14 Jan. 2022 19:30
The case of Novak Đoković is entering the next round. After the renewed annulment of his visa and the objection of his lawyers, the federal court is now required to provide clarity. If the tennis star is allowed to stay in Australia, he may be on the court as early as Monday.
The tugging in the Novak Đoković case continues. A federal court is due to make a final decision in the Serb’s case on Sunday after his Australian visa was revoked for the second time. Immigration Minister Alex Hawke personally vetoed the visa and canceled the Serbian tennis player’s visa. The top tennis star could end up being forced to leave the country just a few hours before the start of the Australian Open.
In support of the veto, Hawke said in a statement that he was exercising his “authority under Section 133C(3) of the Migration Act” to cancel Novak Đoković’s visa on “reasons of health and good order, on the basis that this decision is in the public interest.”
Đoković has not yet been vaccinated against the corona virus, which is stated as a requirement for entering Australia. However, due to a recent coronavirus infection, Tennis Australia and the authorities of the state of Victoria granted him a medical exemption to participate in the Australian Open. The lawyers of the 20-time Grand Slam champion had lodged an objection to the Australian Immigration Minister’s veto. Đoković cannot be deported until the court has ruled.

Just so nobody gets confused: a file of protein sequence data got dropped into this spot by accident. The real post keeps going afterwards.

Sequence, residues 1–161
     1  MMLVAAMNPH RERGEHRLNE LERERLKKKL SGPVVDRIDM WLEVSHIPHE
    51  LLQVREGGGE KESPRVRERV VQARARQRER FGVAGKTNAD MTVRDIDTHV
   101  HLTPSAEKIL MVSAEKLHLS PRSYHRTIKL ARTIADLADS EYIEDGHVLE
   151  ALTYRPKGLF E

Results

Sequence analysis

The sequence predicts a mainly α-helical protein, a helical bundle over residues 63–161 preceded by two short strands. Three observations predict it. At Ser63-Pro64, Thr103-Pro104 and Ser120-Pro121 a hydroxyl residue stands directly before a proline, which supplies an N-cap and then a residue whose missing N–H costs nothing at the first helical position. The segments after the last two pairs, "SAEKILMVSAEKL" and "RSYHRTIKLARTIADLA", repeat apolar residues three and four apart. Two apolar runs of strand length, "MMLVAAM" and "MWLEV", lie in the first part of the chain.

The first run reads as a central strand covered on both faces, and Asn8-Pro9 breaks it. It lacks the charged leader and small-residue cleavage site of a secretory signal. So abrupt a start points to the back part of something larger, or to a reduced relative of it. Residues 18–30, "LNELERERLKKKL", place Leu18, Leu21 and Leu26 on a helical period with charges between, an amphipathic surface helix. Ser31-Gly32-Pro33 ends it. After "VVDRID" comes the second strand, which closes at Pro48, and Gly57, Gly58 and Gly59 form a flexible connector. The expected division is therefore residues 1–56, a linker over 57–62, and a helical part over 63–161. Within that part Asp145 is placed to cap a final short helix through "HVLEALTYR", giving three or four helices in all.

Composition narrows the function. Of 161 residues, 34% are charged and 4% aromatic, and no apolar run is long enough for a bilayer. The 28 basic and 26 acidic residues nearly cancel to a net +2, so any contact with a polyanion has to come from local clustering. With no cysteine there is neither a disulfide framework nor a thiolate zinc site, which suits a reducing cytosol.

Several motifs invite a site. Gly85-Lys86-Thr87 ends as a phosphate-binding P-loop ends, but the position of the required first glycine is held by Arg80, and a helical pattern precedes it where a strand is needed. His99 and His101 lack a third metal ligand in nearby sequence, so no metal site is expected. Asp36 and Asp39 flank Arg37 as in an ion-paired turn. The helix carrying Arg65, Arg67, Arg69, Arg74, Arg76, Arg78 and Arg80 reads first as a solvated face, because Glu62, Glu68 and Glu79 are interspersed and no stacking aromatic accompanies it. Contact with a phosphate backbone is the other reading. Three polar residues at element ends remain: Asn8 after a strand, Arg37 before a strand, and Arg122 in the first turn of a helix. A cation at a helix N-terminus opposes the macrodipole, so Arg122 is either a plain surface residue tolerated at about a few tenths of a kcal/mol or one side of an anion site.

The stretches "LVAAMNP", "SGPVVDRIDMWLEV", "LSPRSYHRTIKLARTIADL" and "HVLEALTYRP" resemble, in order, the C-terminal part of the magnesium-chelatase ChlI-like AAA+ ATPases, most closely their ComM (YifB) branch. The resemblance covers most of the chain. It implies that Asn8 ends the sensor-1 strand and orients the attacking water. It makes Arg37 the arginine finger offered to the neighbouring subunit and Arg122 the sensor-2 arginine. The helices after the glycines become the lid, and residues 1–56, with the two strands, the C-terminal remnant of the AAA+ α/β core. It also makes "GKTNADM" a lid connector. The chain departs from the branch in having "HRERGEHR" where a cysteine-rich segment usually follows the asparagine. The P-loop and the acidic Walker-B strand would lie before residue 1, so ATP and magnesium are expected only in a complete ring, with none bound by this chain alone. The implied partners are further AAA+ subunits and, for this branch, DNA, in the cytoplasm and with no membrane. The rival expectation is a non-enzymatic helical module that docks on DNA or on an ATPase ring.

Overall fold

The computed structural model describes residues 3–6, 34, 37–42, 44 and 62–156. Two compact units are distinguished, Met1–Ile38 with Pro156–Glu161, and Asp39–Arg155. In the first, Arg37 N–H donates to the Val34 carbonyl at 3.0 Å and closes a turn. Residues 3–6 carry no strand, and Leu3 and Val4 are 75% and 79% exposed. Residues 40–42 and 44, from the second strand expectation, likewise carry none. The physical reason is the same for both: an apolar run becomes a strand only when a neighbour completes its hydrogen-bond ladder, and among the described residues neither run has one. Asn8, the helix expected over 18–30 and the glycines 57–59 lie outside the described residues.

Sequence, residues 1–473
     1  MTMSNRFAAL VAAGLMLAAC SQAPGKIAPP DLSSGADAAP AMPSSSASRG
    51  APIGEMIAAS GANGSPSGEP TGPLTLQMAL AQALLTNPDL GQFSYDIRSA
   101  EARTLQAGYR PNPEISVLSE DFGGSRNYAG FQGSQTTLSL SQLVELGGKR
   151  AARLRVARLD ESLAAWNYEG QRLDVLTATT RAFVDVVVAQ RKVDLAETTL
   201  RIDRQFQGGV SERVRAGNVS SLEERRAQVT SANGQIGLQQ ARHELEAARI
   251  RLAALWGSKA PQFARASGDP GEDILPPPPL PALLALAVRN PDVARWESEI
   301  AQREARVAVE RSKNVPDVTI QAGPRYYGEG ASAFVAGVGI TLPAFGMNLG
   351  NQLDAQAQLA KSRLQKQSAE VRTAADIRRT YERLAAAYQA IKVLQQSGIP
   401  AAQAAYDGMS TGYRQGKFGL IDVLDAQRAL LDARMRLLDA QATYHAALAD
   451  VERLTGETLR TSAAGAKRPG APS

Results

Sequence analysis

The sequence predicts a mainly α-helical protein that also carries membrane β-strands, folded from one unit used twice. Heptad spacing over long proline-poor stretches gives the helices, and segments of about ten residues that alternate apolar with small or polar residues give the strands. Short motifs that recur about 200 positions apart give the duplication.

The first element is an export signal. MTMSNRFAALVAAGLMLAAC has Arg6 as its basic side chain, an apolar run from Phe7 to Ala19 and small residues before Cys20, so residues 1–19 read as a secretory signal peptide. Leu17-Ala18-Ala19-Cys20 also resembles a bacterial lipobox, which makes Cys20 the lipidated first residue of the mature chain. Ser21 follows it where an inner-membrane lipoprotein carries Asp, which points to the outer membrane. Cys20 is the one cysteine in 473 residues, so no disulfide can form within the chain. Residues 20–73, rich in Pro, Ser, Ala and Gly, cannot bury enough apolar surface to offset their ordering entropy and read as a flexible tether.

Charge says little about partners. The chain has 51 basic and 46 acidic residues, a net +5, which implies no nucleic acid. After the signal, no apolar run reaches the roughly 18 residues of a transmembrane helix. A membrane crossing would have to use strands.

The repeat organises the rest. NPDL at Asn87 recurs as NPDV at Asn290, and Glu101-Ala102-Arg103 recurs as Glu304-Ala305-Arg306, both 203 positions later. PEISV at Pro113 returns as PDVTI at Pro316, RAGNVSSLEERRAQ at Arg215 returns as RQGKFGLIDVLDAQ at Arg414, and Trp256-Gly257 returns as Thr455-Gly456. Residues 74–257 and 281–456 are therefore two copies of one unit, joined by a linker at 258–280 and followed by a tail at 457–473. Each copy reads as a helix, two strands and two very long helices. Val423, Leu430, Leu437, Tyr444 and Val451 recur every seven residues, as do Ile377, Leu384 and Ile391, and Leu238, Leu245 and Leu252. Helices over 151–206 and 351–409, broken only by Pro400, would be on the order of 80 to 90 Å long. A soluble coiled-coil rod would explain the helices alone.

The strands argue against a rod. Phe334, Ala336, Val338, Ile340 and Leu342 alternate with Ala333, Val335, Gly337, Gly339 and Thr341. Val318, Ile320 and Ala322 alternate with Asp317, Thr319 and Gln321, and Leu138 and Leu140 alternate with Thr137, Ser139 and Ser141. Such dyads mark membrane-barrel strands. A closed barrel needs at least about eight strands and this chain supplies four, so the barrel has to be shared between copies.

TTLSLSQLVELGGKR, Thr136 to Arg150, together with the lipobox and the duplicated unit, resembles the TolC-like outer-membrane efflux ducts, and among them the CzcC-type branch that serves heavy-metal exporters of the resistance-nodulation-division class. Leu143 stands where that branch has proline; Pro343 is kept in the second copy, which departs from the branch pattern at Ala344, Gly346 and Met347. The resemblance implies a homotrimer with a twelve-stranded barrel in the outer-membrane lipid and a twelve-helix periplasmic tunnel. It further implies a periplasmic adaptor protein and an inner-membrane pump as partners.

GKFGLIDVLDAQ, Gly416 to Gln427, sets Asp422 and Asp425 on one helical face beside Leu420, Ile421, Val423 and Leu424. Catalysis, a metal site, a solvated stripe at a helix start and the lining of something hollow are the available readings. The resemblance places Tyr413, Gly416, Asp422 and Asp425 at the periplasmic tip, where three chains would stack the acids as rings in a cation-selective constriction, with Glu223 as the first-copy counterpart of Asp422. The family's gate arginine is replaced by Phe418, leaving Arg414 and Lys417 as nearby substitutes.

His lawyers had a report in the Australian newspaper The Age Allegedly, Immigration Secretary Hawke justified his decision to annul the Serbian star’s visa by saying his presence in Australia would fuel anti-vaccination sentiment. However, this claim lacks any “rational basis”, according to the lawyers.
The opening game of the world number one at the Grand Slam tournament in Melbourne is actually planned for Monday. It is currently unclear whether the 34-year-old defending champion will compete after this day-long Corona posse.
As early as Saturday morning (local time), Djokovic is due to appear at the immigration authorities for a hearing. Until then, the Australian Open record champion – he has won nine trophies so far – is allowed to stay in private accommodation. Reports that he would immediately be taken to a deportation hotel have been denied. After the hearing on Saturday, however, he is supposed to go back to the deportation center overnight, where he had already spent a few nights.
In Serbia, the renewed cancellation of the tennis star’s visa was described as “scandalous”, among other things. Numerous legal experts in the country see “political reasons” in the decision. Accordingly, the aim is to collect “political points” before the upcoming elections and justify the strict lockdown policy, explained the Serbian lawyer Vladimir Terzić to the daily newspaper Today. His colleague Vladimir Gajić even spoke of “a kind of punishment and disciplining” by someone who “freely decided not to be vaccinated.”
more on the subject – ‘I was stuck in Australia’s refugee hotel with Novak Đoković – and it’s hell’